By Karine Kalantarian
The National Assembly began debating on Wednesday government plans to lower the rising water level of Armenia’s ecologically vital Lake Sevan which have met with fierce resistance from environment protection groups.
The government wants to do that by increasing by 46 percent the volume of water flowing out of Sevan into the river Hrazdan that feeds a cascade of hydro-electric power plants and the fruit-growing Ararat Valley south of Yerevan. It says the measure is needed for better irrigating lands cultivated by tens of thousands of local farmers.
Critics insist, however, that its main purpose is to save villas and holiday hotels, many of them owned by government-connected individuals, that have sprung up on the shores of the mountainous lake over the past decade. Those properties are at growing risk of being submerged by a substantial rise in Sevan’s level that began in 2000 in line with a government effort to reverse a dangerous shrinkage of the country’s main water reservoir.
Sevan’s level has risen by 54 centimeters to almost 1,900 meters in the past year alone. Under a special law on Sevan adopted in 2001, it was supposed to rise further in the coming years.
A government-drafted amendment to the law debated by the parliament would raise the maximum annual amount of water that can be pumped out of the lake from 240 to 360 million cubic meters. The government already had the National Assembly raise the legal ceiling from 170 million cubic meters earlier this year.
As lawmakers discussed the bill dozens of environmentalists and members of other civic groups gathered outside the parliament building to protest against what they see as a massive blow to Sevan and Armenia’s entire ecosystem. “The irrigation season is coming to an end,” said Sona Ayvazian of the Armenian affiliated of the ant-corruption watchdog Transparency International. “There are only two more months left. What are they going to do with those extra 120 million cubic meters during that time?”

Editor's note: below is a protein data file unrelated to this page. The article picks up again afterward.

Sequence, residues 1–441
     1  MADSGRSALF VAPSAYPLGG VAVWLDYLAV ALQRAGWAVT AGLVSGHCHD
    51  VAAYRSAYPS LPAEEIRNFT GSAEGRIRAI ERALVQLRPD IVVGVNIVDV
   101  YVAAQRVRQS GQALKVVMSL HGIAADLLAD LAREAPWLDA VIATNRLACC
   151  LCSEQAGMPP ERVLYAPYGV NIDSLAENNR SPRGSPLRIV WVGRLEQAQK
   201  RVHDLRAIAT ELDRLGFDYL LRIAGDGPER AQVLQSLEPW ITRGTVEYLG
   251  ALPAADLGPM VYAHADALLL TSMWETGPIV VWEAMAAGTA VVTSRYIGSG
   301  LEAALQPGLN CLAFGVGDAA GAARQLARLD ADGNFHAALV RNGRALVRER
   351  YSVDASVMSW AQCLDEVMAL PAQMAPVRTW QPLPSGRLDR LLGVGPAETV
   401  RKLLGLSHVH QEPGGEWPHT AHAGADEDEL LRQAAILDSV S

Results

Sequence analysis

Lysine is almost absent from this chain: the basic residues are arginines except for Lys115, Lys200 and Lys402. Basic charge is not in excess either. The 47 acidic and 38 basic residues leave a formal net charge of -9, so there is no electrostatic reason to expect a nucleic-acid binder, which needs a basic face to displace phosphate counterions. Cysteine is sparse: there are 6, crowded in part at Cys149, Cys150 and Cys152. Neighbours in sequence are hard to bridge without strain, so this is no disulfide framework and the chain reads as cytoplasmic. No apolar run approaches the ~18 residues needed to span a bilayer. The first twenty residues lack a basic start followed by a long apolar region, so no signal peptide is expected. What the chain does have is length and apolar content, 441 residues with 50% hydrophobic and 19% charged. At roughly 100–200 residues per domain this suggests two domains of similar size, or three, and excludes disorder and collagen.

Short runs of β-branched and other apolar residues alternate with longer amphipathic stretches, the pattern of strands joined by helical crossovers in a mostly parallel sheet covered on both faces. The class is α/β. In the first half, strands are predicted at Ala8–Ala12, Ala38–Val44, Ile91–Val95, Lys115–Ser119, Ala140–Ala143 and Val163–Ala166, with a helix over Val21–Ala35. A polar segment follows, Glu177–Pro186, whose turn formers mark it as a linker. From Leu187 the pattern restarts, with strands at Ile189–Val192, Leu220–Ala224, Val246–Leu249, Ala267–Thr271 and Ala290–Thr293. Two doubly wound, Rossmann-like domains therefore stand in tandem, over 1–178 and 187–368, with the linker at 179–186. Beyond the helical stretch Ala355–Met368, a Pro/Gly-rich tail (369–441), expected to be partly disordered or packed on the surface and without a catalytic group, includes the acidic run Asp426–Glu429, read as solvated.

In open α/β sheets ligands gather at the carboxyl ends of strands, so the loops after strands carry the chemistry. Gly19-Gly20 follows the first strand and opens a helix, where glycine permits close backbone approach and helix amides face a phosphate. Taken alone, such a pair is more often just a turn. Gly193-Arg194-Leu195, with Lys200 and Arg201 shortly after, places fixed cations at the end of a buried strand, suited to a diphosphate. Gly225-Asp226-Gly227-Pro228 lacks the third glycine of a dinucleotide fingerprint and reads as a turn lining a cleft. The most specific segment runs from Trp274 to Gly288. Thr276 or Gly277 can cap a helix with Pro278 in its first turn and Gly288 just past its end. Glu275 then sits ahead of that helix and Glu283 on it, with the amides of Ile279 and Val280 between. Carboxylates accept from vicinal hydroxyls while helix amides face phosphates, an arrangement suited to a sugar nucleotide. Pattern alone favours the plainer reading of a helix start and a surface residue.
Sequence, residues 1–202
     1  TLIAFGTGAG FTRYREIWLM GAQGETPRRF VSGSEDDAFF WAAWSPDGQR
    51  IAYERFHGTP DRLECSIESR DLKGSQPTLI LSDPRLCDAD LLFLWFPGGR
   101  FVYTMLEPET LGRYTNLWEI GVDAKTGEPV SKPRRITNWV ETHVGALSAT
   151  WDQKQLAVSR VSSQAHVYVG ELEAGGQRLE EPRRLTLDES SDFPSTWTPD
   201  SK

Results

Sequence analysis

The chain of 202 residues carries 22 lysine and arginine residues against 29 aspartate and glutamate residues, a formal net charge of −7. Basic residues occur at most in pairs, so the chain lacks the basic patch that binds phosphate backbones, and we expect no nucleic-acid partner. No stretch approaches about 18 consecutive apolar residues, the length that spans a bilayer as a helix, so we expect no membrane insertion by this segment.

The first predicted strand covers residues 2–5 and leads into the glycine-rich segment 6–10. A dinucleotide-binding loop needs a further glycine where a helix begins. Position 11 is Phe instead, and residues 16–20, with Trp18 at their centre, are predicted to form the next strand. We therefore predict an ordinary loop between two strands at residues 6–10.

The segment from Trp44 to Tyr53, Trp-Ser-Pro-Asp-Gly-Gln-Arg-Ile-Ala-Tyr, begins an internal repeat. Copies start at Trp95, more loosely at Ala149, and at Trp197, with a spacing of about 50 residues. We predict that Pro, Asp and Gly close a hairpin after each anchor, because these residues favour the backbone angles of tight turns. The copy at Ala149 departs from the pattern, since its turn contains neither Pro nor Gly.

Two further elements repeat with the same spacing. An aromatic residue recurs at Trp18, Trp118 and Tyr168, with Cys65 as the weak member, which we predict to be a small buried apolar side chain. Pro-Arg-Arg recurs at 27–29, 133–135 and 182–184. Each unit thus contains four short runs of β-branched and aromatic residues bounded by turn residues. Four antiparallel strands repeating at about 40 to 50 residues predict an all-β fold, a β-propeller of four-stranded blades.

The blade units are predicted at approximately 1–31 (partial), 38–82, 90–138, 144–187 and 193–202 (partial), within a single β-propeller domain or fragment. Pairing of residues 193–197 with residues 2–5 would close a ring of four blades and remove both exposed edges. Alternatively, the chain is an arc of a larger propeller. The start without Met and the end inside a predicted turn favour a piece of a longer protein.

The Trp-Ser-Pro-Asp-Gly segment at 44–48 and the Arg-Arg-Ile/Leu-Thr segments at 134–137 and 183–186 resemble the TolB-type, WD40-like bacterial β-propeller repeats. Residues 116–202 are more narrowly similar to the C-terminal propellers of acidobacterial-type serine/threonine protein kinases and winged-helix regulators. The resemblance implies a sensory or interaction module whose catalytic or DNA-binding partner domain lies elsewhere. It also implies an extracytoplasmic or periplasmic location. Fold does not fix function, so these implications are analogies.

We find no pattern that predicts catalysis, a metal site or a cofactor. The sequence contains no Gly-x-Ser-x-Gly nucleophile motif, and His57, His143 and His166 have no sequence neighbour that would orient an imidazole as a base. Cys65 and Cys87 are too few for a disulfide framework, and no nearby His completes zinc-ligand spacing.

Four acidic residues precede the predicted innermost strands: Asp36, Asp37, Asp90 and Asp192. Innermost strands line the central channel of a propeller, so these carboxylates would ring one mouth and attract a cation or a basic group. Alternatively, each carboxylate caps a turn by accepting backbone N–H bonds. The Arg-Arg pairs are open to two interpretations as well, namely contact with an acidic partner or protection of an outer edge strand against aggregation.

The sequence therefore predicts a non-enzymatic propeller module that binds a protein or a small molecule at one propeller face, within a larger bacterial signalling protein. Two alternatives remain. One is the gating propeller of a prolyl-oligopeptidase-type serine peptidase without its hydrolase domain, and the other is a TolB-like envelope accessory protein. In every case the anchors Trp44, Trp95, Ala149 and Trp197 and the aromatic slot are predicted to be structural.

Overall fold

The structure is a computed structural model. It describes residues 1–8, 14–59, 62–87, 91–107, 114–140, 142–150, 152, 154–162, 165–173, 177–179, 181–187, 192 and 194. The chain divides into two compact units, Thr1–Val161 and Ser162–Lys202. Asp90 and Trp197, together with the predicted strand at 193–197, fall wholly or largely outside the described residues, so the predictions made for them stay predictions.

“The bill stems from the interests of persons doing business on the shores of Sevan,” Ayvazian charged.
Knarik Hovannisian, an environment protection expert with the UN office in Yerevan, also expressed concern as she watched the parliament debates. “By lowering Sevan’s level we would change Yerevan’s climate,” she said. “We are already having a negative climate change and should on the contrary be concerned with further raising Sevan’s level in order to make our climate milder.”
The criticism was echoed by not only opposition parliamentarians but some of their pro-government colleagues. Vahan Hovannisian, a leader of the governing Armenian Revolutionary Federation (Dashnaktsutyun), said the authorities have had enough time to clear Sevan’s picturesque shoreline of houses and other structures. “Why didn’t we save money to re-route roads, to rebuild bridges, and to prevent the construction of buildings on the coast?” he asked during the parliament debates, questioning the official rationale for increased use of the lake’s water.
The parliament is expected to vote on measure on Thursday.